On this front, allow me to underline that over the past eight years, Africa has been registering gross direct investment inflows of around USD50 billion, on average every year according to 2018 World Investment Report released in June last. These figures speak volumes about the significance of the emerging markets across the African continent as well as the efforts of a number of countries to promote their potential as investment destinations.

Ladies and gentlemen, the Africa Financial Markets Index brings to light the fact that dynamic and efficient financial markets are pre-eminent triggers of economic growth by virtue of their capability to crystallize the elements that investors look for: optimized product offerings, high returns, good governance and strong regulatory and legal frameworks.

For the 2018 edition, three countries – Angola, Cameroon and Senegal – joined the index, thus bringing the number of countries tracked to 20. The country measures were also broadened to include elements of financial inclusion and levels of investor education. South Africa topped the index this year again, followed by Botswana, Kenya, Mauritius and Nigeria.

While some may dwell on the fact that Mauritius ranks fourth among the twenty countries, I invite them to examine the positive elements underlined in the report, and like we say, the glass can also be half-full rather than half-empty:

  • The level of foreign exchange reserves which has grown substantially in Mauritius. Today, we have a level of gross official reserves of about USD6.3 billion, representing nearly 10.6 months of imports of goods and services, which we manage judiciously under a legal mandate of security, liquidity and, then, return. On that point, I would like to stress that Mauritius is a notable exception with regard to investment in complex assets. As quoted in the report “There is a wide range of investment options and relatively strong demand for more complex assets, including different types of derivatives products’. [Unquote].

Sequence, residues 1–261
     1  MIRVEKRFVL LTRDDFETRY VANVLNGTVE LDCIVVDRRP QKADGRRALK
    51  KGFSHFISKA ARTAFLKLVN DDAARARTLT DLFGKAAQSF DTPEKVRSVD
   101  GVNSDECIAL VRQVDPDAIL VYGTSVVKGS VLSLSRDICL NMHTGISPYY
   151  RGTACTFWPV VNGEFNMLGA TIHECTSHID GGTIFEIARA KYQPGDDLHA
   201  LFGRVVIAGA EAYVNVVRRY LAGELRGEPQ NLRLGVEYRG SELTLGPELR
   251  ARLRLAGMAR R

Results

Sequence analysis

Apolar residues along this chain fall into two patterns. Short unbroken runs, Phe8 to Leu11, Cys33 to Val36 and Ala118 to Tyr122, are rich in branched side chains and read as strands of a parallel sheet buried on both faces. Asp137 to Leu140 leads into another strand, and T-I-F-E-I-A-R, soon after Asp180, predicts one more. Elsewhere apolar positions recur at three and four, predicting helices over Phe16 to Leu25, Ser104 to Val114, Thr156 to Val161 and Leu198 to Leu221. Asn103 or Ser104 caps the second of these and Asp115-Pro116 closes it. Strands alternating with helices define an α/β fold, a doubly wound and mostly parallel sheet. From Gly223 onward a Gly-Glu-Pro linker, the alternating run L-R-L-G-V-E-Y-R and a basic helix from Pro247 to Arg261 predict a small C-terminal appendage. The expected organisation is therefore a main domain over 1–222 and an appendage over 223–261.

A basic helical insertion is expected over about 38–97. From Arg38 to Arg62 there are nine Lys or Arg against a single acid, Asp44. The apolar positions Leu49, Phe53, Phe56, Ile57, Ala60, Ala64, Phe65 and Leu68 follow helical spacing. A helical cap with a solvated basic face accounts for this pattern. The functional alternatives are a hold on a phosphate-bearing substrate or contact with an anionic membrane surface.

• The report commends Mauritius for its strong legal and regulatory framework and highlights that Mauritius is amongst the top countries as regards market depth, market transparency, tax and regulatory environment as well as the legality and enforceability of financial markets master agreements.

The Africa Financial Markets Index comes at an opportune time when positive changes are being witnessed on the domestic financial landscape. Mauritius aims to double the size of its financial sector as spelt out in the Government’s Vision 2030 document and the financial sector blueprint. We have broadened the access to the purchase of Government and Bank of Mauritius Securities by the public. The development of a secondary market for risk-free instruments has helped individual investors to benefit from the increase in yields registered since the start of 2018. Today, Treasury Bills and Bonds are proving to be viable alternative investment instruments to term deposits. Increased accessibility and enhanced public awareness has led to a three-fold increase in the amount of securities held by individuals, from Rs1.8 billion as at end-December 2017 to Rs6 billion currently.

You may recall that the African Development Bank along with Bloomberg launched the Africa Domestic Bond Fund, which is listed on the Stock Exchange of Mauritius since 18 September 2018. This Fund tracks the performance of a Bond Index, comprising local currency sovereign bonds of eight markets: Botswana, Egypt, Kenya, Namibia, Nigeria, South Africa, Ghana and Zambia. Mauritius is also expected to join the index in the near future with the recent developments on the secondary market of Government/ Bank of Mauritius Securities.

As I conclude, allow me to thank ABSA for its initiative to launch the Africa Financial Markets Index in Mauritius. The Index will be yet another benchmark that will provide precious insights to our country which is busy positioning itself as a leading international financial centre and a gateway to Africa, with a clear vision to join the sphere of high-income countries.

Ladies and Gentlemen, I thank you for your attention.